"Canopy Tower lodge,
a converted radar tower rising out of the rain forest of the
50,000-acre Soberanía National
Park in Panama, and a mecca for bird enthusiasts."
New York Times, Mary Tannen, 2002
"This hotel is one
of the world's best examples of recycling. A former U.S. armed
forces radar tower, it is one of the most comfortable and rewarding
destinations in the world of ecotourism. The open windows are
ideal vantage points for the many nature photographers and writers
who visit the tower. ..We were told not to bother with an alarm
clock, but to be prepared to be awakened by the unnerving pre-dawn
calls of howler monkeys. We quickly learned to keep binoculars at
hand. Our first sighting of an exotic bird, a gorgeously iridescent
green honeycreeper, the first sighting of an exotic bird, came
through the open window of our oversized shower."
Hartford Courant, 2002
Tower provides a luxurious perch"
Denver Post, 2002
Tower - a wonder of the birding world."
Birdletter, Victor Emanuel Nature Tours
"A former U.S.
radar tower outside Panama City has become one of Latin America's
most talked-about new places to stay...I'm no birder, but it is
pretty thrilling at the top of the Canopy Tower."
Travel & Leisure, Kimberly Brown
"One of the great
Chairman of the National Audubon society, Donal O'Brien
Phone: 011 507 264-5720
Web Site: www.canopytower.com
About Canopy Tower
Panama has some of the most easily accessed forests
anywhere in the tropics. The Canopy Tower is located on top of Semaphore
Hill, in a well preserved semideciduous tall forest in the heart of
Soberanía National Park. It is at an altitude of 900 feet above sea level,
and from its roof you can see the Pacific entrance to the Panama Canal and
the skyline of Panama City, just 30 minutes away. Its privileged position
makes ideal as a base from which to start exploring the forests of central
Panama, as well as the Canal and other historical attractions. At the base
of the road up Semaphore Hill is Plantation Road, a good, easy graded dirt
road where you can walk through more than three miles of mature forest. A
ten minute drive takes you to the gate of the famous Pipeline Road which
runs for 11 miles through wetter forests in the heart of Soberanía
The Canopy Tower has five levels that offer different
views of the forest around it. The flat roof is a great place to watch the
canopy, as well as the Panama Canal and, in the distance, the skyline of
the city. The top floor, covered by a 30 feet high geotangent dome (a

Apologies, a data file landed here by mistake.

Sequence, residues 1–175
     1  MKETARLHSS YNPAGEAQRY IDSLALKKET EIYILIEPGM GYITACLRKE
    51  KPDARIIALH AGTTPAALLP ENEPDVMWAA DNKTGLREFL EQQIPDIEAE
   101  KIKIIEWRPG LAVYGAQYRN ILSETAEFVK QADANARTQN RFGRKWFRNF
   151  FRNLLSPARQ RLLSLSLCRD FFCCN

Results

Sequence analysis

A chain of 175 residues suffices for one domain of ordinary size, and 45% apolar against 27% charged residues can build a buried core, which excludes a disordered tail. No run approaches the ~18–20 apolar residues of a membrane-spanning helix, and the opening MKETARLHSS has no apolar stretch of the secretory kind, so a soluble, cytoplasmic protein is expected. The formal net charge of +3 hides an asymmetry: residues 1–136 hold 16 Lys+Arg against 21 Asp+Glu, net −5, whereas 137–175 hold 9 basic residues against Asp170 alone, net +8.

variation of Bucky Fuller's famous geodesic dome), is used as the main
dining area, and is completely surrounded by panoramic windows. The floor
below houses six two-person bedrooms with large windows and a full
bathroom with hot-water showers each. Below the rooms, a mezzanine with
more windows adds viewing opportunities of the lower levels of the forest
canopy. Finally, the ground floor will house exhibits about the
environment and the surrounding forest and the animals that live in it.
Canopy Tower Facts:
The radar originally installed in the tower consumed as
much electricity as 60 families.
From The Canopy Tower you can see the widening of the
Culebra Cut. When completed in the year 2003, the amount of soil that will
have been removed in this important improvement to the Panama Canal will
be four times the amount of soil dug to build the tunnel communicating
England with France.
The temperature in the Tower is usually 2-3 F lower than
in Panama City and in the early morning hours it gets as low as 65F.
The Canopy Tower was featured in the TV documentary,
"Panama: Paradise Found?" produced by the National Audubon Society and TBS
and hosted by Mariel Hemingway.
The Canopy Tower was built in 1965 by the United States
Air Force to house a powerful radar used in the defense of the Panama
Canal. By 1969, the site was jointly used by the Federal Aviation
Administration (FAA) to control air traffic in the area, and by the Panama
Canal Commission (PCC) as a communications tower. The FAA permit
terminated on its own terms in June of 1979 and its function was
deactivated, but the PCC continued to use a small area of the tower until
1995. In September of 1988, the radar tower received an important new
assignment when it was reactivated as Site One in the Caribbean Basin
Radar Network (CBRN). This network of radars was used by the United States
government to detect airplanes suspected of carrying drugs from South
America. The tower played this role until June of 1995 when it was closed
and left vacant waiting for better days.
In November of 1996, the radar tower and the Semaphore
Hill site, consisting of approximately 35 acres of rainforest within
Soberanía National Park, was transferred to Panama in compliance with the
Torrijos-Carter Treaties. The government of Panama, in turn, signed a long
term concession contract with Divertimento Ecológico, S. A., a panamanian
corporation, to transform the site into a center for the observation of
the neotropical rainforest. A fitting use for Panama, a peace loving
country with no armed forces. In the picture to the left, the radar tower
is now The Canopy Tower, an exclusive mini-lodge offering its guests an
extraordinary opportunity to appreciate the rich and diverse fauna and
flora of Soberanía National Park.